Theory of Montage – ‘Potemkin’
‘The Battleship Potemkin’ was very famous for a long time before. It is almost unbelievable to see it with a fresh eye. This film was made by Sergei Eisenstein in 1925. It was one of the best film in the world. This film also has been motioned as one of the most influential propaganda films in all time.
Battleship Potemkin is about 75 minutes, and used 1350 shots in the film. The story of this film was conceived as part of a cycle of myth-making films intended to tell the story of the revolution. This film was structured on well-formed meaning and montage skills. There are 5 aspects in the film. The first aspect was men and maggots, and followed by drama on the quarterdeck. The third part was an appeal from the dead. After then, were the odessa steps. Finally is the meeting the squadron. Followed by the question from Battleship Potemkin Quiz, Eisenstein’s background is the son of Jewish architect. He was born in 1898, and was a film theorist that always thought to be the leader of montage. His famous silent films were ‘Strike’ (1924), ‘Battleship Potemkin’ (1925), ‘October’ (1927), ‘Historical Epics Alexander Nevsky’ (1938), and ‘Ivan The Terrible’ (1944). In the Battleship Potemkin film, it was using some visual techniques, which are 1. Use of multiple perspectives, 2. Crowd scenes versus individuals, 3. Example of a use of Pavlovian reflexology adapted to biomechanics, 4. A dynamic film passage versus a lyrical passage.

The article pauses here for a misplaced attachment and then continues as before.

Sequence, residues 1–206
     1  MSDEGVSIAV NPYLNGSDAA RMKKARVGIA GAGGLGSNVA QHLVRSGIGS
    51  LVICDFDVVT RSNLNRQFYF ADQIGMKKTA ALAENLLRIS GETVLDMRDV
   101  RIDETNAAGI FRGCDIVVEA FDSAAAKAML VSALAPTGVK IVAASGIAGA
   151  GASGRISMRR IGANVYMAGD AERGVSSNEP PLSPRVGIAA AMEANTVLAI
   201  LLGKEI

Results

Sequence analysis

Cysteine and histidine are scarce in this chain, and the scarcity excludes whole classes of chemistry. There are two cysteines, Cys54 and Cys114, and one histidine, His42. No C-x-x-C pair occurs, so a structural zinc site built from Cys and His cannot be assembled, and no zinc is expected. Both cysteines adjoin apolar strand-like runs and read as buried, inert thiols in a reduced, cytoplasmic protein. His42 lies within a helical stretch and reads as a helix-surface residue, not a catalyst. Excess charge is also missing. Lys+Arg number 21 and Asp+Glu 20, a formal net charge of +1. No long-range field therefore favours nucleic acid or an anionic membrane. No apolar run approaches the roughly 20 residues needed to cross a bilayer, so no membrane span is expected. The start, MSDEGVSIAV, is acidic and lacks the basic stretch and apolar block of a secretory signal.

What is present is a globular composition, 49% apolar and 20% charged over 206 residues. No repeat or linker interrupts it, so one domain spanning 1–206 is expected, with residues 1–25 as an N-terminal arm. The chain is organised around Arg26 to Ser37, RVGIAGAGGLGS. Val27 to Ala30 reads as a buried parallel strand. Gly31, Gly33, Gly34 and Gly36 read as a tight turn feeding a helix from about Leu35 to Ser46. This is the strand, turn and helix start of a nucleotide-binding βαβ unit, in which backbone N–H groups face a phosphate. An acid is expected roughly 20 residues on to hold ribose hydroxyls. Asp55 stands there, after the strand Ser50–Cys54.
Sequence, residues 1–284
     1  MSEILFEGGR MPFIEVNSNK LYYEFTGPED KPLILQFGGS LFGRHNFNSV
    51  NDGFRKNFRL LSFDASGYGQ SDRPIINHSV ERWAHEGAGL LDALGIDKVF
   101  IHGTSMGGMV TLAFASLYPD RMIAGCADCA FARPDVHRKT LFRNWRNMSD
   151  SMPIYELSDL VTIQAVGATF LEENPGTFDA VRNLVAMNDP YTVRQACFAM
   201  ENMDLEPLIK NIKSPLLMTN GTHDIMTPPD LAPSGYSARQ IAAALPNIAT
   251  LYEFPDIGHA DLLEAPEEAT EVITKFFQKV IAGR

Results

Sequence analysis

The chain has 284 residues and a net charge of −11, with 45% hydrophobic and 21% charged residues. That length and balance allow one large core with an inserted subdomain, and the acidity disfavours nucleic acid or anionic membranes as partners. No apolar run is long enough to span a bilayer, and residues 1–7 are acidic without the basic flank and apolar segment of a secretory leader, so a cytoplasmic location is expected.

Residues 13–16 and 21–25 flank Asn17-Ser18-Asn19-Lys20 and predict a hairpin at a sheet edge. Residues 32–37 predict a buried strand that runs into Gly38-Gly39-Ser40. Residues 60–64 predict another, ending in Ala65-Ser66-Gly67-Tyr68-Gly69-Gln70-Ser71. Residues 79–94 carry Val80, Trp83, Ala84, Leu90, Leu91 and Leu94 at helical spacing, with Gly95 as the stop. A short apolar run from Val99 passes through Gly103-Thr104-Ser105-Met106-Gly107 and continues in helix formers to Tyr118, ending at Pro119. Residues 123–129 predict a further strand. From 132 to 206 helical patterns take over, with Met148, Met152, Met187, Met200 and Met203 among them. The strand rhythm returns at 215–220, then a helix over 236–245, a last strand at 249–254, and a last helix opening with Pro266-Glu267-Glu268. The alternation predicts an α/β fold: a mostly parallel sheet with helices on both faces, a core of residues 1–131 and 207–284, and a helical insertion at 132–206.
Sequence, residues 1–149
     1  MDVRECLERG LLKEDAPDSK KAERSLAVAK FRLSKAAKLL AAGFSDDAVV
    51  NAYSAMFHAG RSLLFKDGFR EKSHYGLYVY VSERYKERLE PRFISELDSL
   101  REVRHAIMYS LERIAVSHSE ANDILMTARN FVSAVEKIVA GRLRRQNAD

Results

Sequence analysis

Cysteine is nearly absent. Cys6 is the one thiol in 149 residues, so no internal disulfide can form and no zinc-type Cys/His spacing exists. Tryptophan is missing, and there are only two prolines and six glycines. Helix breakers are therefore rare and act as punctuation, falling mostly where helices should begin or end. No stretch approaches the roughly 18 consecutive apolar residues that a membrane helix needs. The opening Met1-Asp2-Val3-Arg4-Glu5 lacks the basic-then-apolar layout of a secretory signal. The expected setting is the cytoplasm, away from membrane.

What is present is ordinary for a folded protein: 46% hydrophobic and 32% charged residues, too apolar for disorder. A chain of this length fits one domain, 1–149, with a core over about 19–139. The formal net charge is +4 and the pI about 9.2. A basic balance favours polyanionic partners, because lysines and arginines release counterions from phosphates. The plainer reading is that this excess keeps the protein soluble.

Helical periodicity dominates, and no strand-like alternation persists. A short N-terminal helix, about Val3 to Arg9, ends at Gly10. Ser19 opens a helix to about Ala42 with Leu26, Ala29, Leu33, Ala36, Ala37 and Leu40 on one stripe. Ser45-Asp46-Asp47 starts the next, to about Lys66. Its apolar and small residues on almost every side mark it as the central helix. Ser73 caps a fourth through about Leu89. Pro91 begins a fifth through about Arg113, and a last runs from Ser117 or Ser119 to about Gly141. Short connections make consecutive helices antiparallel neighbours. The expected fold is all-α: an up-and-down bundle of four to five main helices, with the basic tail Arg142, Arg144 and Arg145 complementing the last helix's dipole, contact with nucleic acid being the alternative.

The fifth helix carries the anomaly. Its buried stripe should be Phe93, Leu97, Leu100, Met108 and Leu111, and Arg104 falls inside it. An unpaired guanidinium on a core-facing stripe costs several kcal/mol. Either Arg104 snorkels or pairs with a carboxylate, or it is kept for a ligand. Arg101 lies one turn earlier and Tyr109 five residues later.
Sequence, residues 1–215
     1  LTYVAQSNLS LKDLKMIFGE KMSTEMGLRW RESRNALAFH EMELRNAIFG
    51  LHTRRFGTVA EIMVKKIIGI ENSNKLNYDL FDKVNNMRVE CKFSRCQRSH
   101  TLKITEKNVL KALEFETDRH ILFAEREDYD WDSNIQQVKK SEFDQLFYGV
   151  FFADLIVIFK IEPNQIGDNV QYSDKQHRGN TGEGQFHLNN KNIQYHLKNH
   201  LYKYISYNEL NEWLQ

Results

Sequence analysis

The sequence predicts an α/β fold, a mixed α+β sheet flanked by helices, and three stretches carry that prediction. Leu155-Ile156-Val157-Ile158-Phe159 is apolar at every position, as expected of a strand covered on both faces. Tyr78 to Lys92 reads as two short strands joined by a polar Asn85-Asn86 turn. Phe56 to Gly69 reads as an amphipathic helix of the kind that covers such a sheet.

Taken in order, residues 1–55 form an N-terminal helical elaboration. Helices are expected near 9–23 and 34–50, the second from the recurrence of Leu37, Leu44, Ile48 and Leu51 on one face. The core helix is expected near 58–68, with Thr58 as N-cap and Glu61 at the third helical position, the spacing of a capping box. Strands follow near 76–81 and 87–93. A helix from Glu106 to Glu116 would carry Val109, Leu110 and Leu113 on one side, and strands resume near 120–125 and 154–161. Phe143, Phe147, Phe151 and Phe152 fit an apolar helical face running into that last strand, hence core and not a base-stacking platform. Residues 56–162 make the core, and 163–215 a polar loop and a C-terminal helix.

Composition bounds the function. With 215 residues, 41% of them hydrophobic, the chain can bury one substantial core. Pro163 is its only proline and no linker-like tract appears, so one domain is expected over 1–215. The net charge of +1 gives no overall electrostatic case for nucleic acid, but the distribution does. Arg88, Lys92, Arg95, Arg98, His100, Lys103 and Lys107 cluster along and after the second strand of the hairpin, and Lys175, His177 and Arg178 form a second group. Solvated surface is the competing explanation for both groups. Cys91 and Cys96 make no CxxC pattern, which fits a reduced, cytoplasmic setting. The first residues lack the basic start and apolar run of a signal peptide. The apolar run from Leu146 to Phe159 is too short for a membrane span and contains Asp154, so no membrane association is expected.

There were two films that influenced by Battleship Potemkin. The first one was ’2001: A Space Odyssey’, which directed by Stanley Kubrick in 1968. Another one was ‘The Untouchables’. This one was created by Brian De Palma in 1987.
The below is a photo montage that I created by four images: